Sermon: Mark 1:29-39

In today’s Gospel, we continue with examples of Jesus’ healing power. Last week, we heard the encounter Jesus has in the synagogue with a man with an unclean spirit. Today the story continues in Simon’s house.

 

Simon’s mother-in-law is sick in bed, with fever. She needs help. She needs medical care. Jesus doesn’t ask for proof of insurance or her Medicaid card. She doesn’t need to fill out an Obamacare application. She doesn’t need to qualify for anything to get treatment. Rather, Jesus takes her hand, and in that moment, the fever leaves. It’s instant healing. It shows Jesus’ power and the authority of his presence.

 

In the story, we see that human dignity is more important than customs and rules. It’s the Sabbath, the day in which nobody should work. But Jesus does a tremendous work by healing this woman. Jesus would have known well the Hebrew purity codes from Leviticus and Deuteronomy. Besides avoiding the Sabbath, one shouldn’t touch the body of a sick person, especially a woman not in your own family. Jesus knows all this, but Jesus also shows compassion and love. Jesus has a strong focus on the needs of the people. For Jesus, personal connections mean more than ancient restrictions.

 

Upon touching Simon’s mother-in-law, it’s an encounter of restored dignity and new life. Immediately, she begins to serve them. I know that sometimes feminist and mujerista biblical commentators are uncomfortable with this reading, as well as others about women and Jesus, because they could suggest that the correct place for a woman is serving men. It’s part of a patriarchal culture with lots of machismo. We don’t even know her own name. She only has identity in the text because of her son-in-law. Generally, I also try to avoid using the Bible in ways that continue such oppression and inequality.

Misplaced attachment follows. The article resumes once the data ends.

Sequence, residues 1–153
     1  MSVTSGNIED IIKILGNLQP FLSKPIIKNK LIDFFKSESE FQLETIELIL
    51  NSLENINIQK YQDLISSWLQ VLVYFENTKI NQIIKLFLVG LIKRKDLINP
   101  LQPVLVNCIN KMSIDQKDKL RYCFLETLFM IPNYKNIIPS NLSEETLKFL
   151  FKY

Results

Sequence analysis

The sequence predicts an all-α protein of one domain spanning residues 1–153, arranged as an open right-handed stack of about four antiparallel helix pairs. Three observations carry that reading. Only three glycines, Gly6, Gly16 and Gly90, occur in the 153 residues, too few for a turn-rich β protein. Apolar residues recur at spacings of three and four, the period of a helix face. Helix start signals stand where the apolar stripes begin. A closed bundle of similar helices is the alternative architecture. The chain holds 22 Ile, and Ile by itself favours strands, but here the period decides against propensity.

However, the word used here jeans much more than preparing food and pouring coffee. It’s a word of humble leadership. It’s a word of discipleship. It’s the same word that Mark uses in Chapter 10: “For the Son of Man did not come to be served, rather to serve…”

 

Jesus is an example of humble service. Jesus focuses on the needs of others. Jesus restores life. Jesus gives new opportunity. Immediately alter her encounter with Jesus, she begins to attend to her visitors. She’s a good host. She continues her ministry of welcome and hospitality. She’s healed to serve. She’s blessed to be a blessing. She’s cured to care. She’s strengthened to strengthen.

 

And for us, how do we respond to our own encounters with Jesus: In baptismal water, in bread and wine, in prayer, fellowship, worship, love? How are we lifted up to serve? What is our ministry of hospitality and welcome.

 

Our worship end with words that push us out into the world: “Go in peace; serve the Lord. Thanks be to God.” Our ministry as a congregation doesn’t end when worship does. Rather, it continues when we leave the sanctuary, to serve and love and proclaim the message of Jesus in our daily works and struggles. We, too, are blessed to be a blessing.

 

This week, I have to fill out the annual report to the national office of our denomination, the Evangelical Lutheran Church in America (ELCA). The form asks for a lot of information, especially our numbers of attendance, membership, and offerings.